The 340B Mega-Reg Is Dead

From: Mondaq

Article by Ellyn L. Sternfield | Mintz, Levin, Cohn, Ferris, Glovsky and Popeo, P.C.

With all due credit to the Coroner from the Wizard of Oz, like the Wicked Witch of the East crushed by Dorothy’s house, the 340B Drug Discount Program mega-reg is “not only merely dead, it’s really most sincerely dead.”  And to quote one of my favorite sports commentators, Tony Kornheiser, “I believe I had that.”

Paperwork Reduction(?) Act

Editor’s Note: For information on the purpose and value of the PRA process, see here. For Commissioner Clyburn’s remarks on the FCC being hampered by adherence to OMB’s PRA requirements, see here.

From: CommLawBlog

A recent notice about DTV construction permit applications got us thinking about our old friend, the PRA.

Has the FCC changed the process for applying for DTV construction permits? Probably not, but a recent notice in the Federal Register seemed to suggest otherwise. It turns out, though, that the real story here is the hypnotic effect of the Paperwork Reduction Act (PRA).

State Farm ‘with Teeth’: Heightened Judicial Review in the Absence of Executive Oversight

Editor’s Note: An interview with Professor Sharkey about the forthcoming paper is available here.

From: New York University Law Review, Vol. 89, 2014/NYU School of Law, Public Law Research Paper No. 14-15

Catherine M. Sharkey,New York University School of Law


Book Review: Valuing Life: Humanizing the Regulatory State by Cass Sunstein

From: The London School of Economics and Political Science/Review of Books

In Valuing Life, Cass Sunstein surveys a wide range of practical research and real-life policymaking in his characteristically lucid style, offering a candid and humble account of his administrative tenure in Washington. He performs an invaluable service in revealing how government regulators balance pragmatic concerns of resource scarcity with principled ideals of respect and dignity, writes Mark D. White.

Regulating through the Back Door at the Commodity Futures Trading Commission

Editor’s Note: The solution to backdoor regulation is the Data Quality Act.

From: Mercatus Center/George Mason University

Hester Peirce

The traditional method of regulating under the Administrative Procedure Act (APA)—the law that governs regulatory agency rulemaking—requires a notice-and-comment process, where the regulating agency informs the public of its proposed rule, seeks feedback from the public and interested parties, and performs a benefit-cost analysis of the proposed rule. These requirements boost public confidence in the regulatory process and allow regulated businesses to prepare for and understand new rules, which leads to better compliance.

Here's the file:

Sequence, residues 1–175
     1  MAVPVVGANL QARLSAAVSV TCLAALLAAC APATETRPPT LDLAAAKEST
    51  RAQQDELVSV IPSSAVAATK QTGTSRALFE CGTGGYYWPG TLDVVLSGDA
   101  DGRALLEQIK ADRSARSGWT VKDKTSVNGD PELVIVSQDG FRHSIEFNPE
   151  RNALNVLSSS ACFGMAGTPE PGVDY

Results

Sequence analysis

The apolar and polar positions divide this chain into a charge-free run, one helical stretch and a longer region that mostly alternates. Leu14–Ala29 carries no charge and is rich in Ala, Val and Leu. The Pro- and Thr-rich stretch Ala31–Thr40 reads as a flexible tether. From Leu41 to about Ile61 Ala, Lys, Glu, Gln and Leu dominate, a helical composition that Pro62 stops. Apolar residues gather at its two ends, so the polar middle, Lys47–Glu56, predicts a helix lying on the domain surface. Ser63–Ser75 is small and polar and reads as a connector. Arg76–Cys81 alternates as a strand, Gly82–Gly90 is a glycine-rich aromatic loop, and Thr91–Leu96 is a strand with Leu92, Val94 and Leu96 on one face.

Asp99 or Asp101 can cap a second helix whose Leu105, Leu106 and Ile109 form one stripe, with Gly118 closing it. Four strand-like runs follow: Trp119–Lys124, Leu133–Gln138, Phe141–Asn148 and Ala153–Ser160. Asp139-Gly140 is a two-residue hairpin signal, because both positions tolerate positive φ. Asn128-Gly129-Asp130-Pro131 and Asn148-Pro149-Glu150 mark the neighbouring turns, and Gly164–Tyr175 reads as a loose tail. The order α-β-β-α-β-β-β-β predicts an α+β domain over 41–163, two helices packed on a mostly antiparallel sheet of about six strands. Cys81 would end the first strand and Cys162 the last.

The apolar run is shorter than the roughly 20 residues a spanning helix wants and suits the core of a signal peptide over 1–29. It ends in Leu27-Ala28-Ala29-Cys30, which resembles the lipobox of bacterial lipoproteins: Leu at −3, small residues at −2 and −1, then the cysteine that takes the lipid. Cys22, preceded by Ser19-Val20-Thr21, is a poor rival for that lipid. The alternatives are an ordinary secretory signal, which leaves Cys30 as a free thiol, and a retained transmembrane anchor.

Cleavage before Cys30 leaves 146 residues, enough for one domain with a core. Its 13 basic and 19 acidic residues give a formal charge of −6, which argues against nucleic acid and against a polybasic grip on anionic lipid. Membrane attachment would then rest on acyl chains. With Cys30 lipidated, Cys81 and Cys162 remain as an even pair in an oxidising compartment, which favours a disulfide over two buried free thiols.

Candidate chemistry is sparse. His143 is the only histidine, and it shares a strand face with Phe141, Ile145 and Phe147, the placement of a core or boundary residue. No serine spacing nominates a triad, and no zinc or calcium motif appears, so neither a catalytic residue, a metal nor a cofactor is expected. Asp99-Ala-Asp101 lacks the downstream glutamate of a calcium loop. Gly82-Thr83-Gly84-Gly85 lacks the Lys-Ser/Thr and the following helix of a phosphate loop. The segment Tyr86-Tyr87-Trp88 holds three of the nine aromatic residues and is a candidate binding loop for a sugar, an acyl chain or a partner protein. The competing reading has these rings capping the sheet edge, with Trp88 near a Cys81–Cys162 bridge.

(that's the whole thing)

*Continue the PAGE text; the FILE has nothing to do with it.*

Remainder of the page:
A Closer Look: The [PA] Independent Regulatory Review Commission, with Chairman John Mizner

From: The PLS Reporter

Author: Josh Levy

“People don’t know that we actually do have a review process here in Pennsylvania that is unique among the 50 states, and there is no such thing in the federal government,” John Mizner, Esq., chairman of the Independent Regulatory Review Commission, told The PLS Reporter.

“We’re the most important commission in Harrisburg that no one has ever heard of,” Mizner remarked, even though “virtually everybody” is affected in some way by the regulations approved by the commission.


Supreme Court Regulatory Cases to Watch

Editor’s Note: An influential regulatory case to watch is Harkonen v. U.S. Dept. of Justice (No. 13-15197). CRE’s amicus brief is found at

From: RegBlog/Penn Program on Regulation

A Facebook rapper, a bearded prisoner, and a red grouper fisherman will all figure into a highly anticipated Supreme Court term that includes several cases that may affect the American regulatory landscape.


Department of Energy Rules Take Longest For White House to Review, Data Indicate

Editor’s Note: For more information on OIRA participation in agency rulemaking, please see Proper and Desirable Intervention by the President in Agency Rulemaking.

From: BNA/Bloomberg | Daily Environment Report™

By Ari Natter

The White House Office of Management and Budget takes more than five months on average to review regulations crafted by the Energy Department, making the department’s rules the most delayed of all federal agencies, according to a Bloomberg BNA analysis of agency data.